Comment


                        • #27
                          Originally posted by 3WE View Post
                          Strikes me as complicated and I have seen MANY airliner approaches where you may not be lined up until VERY late.

                          Besides, what's that special thingie that works much like a VOR?

                          Or that crazy histogram-adjusted pink line depiction...

                          Do we need any MORE things distracting pilots, WHEN IN FACT they had TOTALLY ADEQUATE situational awareness?
                          You're joking right?

                          What's that crazy dial/tape thing called altimeter? Why do we need GPWS again? Oh right, human factors...

                          I think a runway track deviation warning using EGWPS that gives a warning in ground proximity wouldn't be a bad idea.

                          It would have prevented this almost total disaster.

                          Comment


                          • #28
                            Originally posted by Evan View Post
                            You're joking right?
                            No...AND I forgot the low-silica 700-900 nm passive radio distance and ranging system...(which ACTUALLY DID prevent this near-total disaster).

                            And descending in the clouds towards something that is ALWAYS hard is a different level of risk than miss identifying really dim blue lights from really dim white lights.

                            And, let me restate two things: Bobbies objection to a potentially distracting TOPMS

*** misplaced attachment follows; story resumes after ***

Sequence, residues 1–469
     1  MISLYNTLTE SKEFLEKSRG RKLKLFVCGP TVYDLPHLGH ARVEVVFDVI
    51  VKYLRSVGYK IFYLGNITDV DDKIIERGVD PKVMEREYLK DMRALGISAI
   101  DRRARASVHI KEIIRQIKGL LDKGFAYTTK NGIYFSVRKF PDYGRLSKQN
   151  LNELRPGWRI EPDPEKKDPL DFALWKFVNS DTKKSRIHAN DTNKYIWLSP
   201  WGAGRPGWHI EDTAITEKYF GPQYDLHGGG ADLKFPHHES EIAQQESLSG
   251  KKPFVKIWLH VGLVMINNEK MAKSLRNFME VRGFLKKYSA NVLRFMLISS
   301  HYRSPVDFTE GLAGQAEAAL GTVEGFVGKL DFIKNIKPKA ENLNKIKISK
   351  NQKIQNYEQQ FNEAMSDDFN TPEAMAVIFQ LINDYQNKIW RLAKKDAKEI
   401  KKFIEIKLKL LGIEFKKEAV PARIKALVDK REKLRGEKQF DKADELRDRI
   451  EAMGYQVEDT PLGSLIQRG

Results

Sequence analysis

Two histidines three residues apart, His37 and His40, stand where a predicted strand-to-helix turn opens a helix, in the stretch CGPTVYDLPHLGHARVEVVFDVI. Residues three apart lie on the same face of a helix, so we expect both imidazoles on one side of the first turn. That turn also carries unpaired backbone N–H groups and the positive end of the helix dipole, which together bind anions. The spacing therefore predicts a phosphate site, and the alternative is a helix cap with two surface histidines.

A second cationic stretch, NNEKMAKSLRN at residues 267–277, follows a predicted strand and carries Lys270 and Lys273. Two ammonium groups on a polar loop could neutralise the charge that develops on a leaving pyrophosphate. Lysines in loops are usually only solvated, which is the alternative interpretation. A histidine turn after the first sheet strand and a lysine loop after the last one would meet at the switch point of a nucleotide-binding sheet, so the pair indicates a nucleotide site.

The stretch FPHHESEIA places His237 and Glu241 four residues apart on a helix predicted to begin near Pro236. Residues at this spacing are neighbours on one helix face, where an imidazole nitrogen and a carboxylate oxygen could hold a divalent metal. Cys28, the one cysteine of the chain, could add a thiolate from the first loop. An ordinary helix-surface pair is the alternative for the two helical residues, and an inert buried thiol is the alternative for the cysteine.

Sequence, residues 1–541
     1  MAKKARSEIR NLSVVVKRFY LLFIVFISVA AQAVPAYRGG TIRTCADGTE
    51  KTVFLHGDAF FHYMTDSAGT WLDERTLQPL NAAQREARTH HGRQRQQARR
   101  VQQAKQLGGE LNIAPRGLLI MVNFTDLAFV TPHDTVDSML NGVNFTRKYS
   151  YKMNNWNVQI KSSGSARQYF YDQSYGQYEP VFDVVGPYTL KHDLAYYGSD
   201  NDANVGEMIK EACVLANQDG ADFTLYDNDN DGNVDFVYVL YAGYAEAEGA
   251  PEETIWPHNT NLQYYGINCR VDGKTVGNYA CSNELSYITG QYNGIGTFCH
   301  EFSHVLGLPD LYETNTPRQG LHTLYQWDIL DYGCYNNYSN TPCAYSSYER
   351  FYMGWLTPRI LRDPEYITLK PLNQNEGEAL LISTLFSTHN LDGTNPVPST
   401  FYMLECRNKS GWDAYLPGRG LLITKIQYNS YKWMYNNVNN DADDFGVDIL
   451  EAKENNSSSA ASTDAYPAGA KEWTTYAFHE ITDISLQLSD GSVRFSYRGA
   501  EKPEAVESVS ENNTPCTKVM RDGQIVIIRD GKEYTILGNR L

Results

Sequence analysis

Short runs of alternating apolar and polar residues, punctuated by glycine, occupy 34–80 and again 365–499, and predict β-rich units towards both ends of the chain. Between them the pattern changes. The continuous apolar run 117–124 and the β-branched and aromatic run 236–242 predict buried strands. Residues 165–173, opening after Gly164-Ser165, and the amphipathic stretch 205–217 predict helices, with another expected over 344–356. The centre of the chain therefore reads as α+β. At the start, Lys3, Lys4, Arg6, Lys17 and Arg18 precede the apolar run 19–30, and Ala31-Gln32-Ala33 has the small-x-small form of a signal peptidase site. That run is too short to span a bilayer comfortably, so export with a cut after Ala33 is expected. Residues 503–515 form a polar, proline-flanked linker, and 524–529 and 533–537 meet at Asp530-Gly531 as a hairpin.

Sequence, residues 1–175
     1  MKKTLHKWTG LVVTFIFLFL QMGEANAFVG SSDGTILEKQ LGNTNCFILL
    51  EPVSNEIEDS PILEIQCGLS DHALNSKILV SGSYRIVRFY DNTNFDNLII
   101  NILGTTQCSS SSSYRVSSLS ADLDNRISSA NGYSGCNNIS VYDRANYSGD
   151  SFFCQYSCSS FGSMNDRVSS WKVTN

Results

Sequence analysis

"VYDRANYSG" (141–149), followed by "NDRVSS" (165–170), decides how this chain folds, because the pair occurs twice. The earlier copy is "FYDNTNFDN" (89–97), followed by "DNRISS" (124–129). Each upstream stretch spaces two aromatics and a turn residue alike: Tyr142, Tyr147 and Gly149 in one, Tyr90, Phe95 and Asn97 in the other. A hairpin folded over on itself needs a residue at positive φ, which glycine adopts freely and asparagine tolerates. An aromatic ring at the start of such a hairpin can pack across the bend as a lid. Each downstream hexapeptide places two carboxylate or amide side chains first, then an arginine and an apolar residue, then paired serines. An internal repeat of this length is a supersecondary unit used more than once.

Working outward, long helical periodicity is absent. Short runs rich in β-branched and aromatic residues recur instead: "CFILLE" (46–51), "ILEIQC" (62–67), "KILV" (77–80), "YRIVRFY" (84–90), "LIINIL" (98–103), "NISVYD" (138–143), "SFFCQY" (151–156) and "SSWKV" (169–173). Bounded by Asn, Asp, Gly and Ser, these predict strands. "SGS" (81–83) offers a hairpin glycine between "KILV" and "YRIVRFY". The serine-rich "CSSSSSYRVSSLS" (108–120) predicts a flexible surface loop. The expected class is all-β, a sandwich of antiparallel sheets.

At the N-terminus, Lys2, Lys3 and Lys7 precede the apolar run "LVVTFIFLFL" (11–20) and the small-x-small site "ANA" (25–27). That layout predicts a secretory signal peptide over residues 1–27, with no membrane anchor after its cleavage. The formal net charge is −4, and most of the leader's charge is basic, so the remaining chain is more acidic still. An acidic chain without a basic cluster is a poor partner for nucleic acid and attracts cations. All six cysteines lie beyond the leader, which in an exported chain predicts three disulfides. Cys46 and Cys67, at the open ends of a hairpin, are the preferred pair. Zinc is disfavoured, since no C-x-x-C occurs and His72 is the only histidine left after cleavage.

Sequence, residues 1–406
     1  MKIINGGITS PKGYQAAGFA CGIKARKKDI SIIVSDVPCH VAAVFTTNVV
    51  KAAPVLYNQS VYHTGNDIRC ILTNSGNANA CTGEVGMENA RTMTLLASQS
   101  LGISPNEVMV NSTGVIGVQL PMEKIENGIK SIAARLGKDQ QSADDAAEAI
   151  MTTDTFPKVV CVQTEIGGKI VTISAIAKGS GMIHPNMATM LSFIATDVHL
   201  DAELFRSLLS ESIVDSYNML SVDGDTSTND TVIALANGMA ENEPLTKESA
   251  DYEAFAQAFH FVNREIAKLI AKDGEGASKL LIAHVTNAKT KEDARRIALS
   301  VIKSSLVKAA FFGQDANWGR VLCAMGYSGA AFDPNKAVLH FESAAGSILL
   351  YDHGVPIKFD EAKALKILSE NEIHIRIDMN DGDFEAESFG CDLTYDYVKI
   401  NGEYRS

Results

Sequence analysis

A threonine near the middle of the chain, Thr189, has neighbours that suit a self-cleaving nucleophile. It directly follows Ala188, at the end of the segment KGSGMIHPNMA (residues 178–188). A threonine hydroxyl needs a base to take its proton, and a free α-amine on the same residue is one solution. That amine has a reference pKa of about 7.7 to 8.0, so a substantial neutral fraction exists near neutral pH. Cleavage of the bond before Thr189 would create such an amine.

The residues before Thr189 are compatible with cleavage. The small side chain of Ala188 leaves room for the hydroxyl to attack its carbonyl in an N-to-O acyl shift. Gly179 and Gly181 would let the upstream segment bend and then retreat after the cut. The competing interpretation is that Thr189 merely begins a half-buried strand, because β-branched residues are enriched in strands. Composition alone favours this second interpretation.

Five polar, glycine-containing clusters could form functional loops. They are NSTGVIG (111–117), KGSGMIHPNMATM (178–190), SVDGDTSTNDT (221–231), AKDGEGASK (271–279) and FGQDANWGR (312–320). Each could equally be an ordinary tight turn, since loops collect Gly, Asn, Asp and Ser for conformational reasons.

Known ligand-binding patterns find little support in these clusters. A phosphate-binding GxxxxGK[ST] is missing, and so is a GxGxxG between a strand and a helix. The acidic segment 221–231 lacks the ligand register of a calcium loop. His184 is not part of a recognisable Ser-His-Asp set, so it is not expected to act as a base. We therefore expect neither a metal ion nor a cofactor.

and

                            Evan wants one MORE system when magenta lines are available.
                            Les règles de l'aviation de base découragent de longues périodes de dur tirer vers le haut.

                            Comment


                            • #29
                              You guys are really funny. I finally retired last month so I don't have to deal with it anymore. I will be very content to fly my cub with NO RADIO, NO STARTER, and still manage to get her up and down in one piece.Click image for larger version

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                              Last edited by BoeingBobby; 2017-08-06, 19:28. Reason: Spellin

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                              • #30
                                Congratulations, BB. I always enjoy your contributions and hope you will remain here.